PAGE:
This is not sin­gu­lar think­ing in the trans com­mu­nity – in fact, per­cep­tual psy­chol­o­gist Richard Rus­sell stud­ied the ex­is­tence of sex dif­fer­ences in the fa­cial con­trasts of men and women, and found that the de­gree to which fa­cial fea­tures con­trast with sur­round­ing skin in­flu­ences the viewer’s per­cep­tion of mas­culin­ity or fem­i­nin­ity. This reaf­firms the no­tion that women are of­ten seen as ‘more fem­i­nine’ if they darken their eyes or red­den their lips.

For Rhyan­non, it goes fur­ther. ‘For me, when I was dat­ing, it al­most acted like war paint, be­cause when I had make-up on, I felt like I had a layer of pro­tec­tion. I’m for­tu­nate that I am now able to go bare-faced and still have fem­i­nine at­tributes. But for some trans women, it’s ab­so­lute sur­vival that they are seen with a face of make-up, be­cause with­out it they’d feel like peo­ple would only see their mas­culin­ity and not their fem­i­nin­ity.’

‘War paint’ is a phrase float­ing in the fore­most realms of my con­scious­ness when, four days later, I find my­self head­ing for a post­work drink with my Bum­ble match Alex. In con­trast to my pro­file, in which I am golden-hour glow-y (thank you, Guer­lain), I am not only make-up-free, I am box-fresh, post-fa­cial bare.

The fa­cial is not an ad­van­tage: rarely do I find that they leave you ra­di­ant in the di­rect af­ter­math, but rather, vaguely oily. To my mind, I look 12. I feel so vastly, woe­fully un­der-pre­pared that I type out my can­cel­la­tion mes­sage (and delete it again) three times.

Of course, Alex doesn’t even seem to no­tice. At one point, I am so des­per­ate for the poor man to com­ment on my bare face, I want to yell, ‘Look at me! No make-up! Look!’ But I’m pretty sure that wouldn’t make for a good date. Be­sides, it’s only un­der the harsh light­ing of the women’s loos that I feel in need of a good colour cor­rec­tor; at 23, it’s pretty dif­fi­cult to look hag­gard in a dimly lit bar. Toy­ing with the idea of ask­ing Alex whether I look the same as in my pic­tures, I bot­tle it. Of course I look the same, just less fil­tered, per­haps, less golden, cer­tainly, but isn’t Va­len­cia re­ally just con­cealer for the In­sta­gram age? Alex him­self is dis­tinctly less chis­elled than in his own pho­tos, and yet all the more at­trac­tive for it. I ar­rive home (sev­eral glasses of wine later) won­der­ing what all the fuss was about, and feel­ing mildly smug about the amount of cot­ton wool I won’t be need­ing to steal from my house­mate tonight.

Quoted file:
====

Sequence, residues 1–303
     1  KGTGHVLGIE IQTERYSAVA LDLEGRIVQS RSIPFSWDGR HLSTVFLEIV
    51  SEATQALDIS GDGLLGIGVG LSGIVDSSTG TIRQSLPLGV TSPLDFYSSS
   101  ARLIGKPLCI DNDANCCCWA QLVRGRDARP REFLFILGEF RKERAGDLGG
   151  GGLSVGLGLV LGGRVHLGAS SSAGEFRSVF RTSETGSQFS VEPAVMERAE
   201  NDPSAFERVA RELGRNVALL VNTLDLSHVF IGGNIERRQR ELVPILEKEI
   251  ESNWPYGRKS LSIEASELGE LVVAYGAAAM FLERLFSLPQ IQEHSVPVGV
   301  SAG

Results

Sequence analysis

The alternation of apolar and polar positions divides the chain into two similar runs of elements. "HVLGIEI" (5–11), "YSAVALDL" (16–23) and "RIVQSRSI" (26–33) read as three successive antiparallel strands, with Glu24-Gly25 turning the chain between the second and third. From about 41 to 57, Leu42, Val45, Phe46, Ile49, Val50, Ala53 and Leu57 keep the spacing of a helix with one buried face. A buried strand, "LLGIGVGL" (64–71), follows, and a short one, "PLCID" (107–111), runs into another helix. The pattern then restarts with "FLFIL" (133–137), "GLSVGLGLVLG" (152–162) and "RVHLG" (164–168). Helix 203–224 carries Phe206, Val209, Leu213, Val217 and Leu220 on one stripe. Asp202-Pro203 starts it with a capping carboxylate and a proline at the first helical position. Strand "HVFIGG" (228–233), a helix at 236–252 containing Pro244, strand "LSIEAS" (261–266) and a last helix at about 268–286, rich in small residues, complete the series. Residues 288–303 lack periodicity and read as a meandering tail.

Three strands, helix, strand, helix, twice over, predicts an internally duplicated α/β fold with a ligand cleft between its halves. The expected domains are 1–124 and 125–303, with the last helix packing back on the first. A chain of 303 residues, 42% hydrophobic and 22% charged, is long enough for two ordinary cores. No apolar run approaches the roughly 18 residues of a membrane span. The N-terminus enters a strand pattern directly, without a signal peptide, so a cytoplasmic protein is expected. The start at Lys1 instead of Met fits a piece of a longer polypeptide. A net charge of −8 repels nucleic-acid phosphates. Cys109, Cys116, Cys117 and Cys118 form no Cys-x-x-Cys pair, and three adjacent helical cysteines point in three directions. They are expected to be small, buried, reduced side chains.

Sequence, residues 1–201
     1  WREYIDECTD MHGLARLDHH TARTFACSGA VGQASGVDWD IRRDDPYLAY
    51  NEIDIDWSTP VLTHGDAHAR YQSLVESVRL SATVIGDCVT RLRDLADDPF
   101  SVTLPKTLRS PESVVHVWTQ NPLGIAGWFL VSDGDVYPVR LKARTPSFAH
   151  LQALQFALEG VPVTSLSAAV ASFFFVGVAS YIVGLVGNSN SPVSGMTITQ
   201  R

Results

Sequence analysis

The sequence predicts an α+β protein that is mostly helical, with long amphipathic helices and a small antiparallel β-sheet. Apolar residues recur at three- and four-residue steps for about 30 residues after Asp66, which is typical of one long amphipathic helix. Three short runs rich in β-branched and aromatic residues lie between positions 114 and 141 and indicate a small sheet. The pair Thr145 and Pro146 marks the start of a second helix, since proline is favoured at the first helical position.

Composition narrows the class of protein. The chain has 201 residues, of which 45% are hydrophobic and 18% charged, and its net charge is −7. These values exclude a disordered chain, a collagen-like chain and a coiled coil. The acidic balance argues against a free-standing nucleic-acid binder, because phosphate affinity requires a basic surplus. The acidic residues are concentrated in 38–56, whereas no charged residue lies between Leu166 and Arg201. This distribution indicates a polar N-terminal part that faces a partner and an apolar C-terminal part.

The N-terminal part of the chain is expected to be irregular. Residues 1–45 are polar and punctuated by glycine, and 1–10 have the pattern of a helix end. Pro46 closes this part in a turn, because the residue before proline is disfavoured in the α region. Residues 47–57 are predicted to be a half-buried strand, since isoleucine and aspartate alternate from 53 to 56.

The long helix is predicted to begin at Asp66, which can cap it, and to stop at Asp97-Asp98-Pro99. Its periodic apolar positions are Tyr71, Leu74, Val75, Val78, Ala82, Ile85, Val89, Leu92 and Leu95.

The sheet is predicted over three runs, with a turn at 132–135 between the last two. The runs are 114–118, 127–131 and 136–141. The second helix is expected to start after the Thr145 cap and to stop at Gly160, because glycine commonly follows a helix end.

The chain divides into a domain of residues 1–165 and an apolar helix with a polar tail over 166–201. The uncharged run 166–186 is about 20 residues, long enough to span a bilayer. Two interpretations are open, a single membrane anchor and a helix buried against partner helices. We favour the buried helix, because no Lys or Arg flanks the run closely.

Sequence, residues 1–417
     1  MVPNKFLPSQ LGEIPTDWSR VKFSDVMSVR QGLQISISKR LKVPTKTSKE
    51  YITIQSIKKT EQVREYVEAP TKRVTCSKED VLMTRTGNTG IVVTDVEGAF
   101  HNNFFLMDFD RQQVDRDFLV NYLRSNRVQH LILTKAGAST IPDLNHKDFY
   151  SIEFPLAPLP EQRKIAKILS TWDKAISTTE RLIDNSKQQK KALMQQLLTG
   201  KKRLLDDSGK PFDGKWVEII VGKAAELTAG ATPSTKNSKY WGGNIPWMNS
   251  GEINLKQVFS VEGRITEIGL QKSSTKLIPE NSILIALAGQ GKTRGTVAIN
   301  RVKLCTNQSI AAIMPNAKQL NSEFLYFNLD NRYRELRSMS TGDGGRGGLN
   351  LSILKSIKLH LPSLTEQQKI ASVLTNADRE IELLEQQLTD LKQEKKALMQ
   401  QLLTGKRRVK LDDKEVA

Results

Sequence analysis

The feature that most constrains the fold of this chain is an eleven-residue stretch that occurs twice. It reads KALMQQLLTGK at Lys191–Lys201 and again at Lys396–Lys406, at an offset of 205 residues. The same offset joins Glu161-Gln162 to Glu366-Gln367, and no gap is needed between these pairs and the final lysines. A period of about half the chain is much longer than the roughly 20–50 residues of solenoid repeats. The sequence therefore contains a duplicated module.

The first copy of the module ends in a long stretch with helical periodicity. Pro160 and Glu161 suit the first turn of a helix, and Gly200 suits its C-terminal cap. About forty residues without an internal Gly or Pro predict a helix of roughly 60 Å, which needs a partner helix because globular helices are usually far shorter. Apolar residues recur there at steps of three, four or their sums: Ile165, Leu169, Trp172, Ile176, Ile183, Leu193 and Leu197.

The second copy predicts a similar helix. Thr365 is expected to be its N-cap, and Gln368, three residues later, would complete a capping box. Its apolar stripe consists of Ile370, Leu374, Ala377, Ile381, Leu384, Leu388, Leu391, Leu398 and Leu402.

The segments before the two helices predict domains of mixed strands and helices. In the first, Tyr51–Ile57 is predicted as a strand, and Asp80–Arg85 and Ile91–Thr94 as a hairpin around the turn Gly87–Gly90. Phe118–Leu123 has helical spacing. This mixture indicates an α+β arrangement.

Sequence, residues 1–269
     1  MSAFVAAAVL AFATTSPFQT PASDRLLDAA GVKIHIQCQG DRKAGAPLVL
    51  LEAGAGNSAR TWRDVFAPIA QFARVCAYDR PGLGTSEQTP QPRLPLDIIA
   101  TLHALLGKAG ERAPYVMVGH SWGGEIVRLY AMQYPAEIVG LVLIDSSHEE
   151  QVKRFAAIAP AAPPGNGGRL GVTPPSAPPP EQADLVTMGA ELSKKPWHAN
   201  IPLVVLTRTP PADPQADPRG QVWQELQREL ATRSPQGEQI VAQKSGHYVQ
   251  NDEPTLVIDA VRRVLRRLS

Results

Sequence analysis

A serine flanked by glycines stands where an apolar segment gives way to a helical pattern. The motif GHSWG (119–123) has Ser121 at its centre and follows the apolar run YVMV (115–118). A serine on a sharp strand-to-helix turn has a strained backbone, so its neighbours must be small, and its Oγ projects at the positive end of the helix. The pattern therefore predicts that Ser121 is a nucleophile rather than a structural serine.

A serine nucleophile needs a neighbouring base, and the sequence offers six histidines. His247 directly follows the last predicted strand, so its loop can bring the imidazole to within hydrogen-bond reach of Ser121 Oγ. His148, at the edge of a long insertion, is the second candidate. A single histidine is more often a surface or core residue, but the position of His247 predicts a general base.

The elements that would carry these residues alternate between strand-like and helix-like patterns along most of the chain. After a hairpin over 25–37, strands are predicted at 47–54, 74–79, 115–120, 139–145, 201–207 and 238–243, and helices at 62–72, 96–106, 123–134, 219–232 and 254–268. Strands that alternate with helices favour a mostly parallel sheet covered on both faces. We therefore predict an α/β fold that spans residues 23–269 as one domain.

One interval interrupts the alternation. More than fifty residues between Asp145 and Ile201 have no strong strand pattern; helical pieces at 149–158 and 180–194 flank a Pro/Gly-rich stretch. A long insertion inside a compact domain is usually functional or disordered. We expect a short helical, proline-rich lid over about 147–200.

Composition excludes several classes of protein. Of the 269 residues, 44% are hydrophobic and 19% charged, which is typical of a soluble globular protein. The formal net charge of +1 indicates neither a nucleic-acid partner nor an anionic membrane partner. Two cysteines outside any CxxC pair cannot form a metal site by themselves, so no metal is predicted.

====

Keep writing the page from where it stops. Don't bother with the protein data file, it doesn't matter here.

If the women in this piece, and my #nofil­ter ex­per­i­ment, have taught me any­thing, it’s that make-up’s real im­por­tance is en­tirely cre­ated by our own per­cep­tions and ex­pec­ta­tions. So would I date barefaced next time? Not a prob­lem (sorry, Alex). And for the record, come the next morn­ing (the ef­fects of the fa­cial some­what negated by the cheap sauvi­gnon), I was once again hap­pily blend­ing three shades of high­lighter into my cupid’s bow with my pinkie. Be­cause, date or no date, it makes me feel good, and that’s the joy of make-up.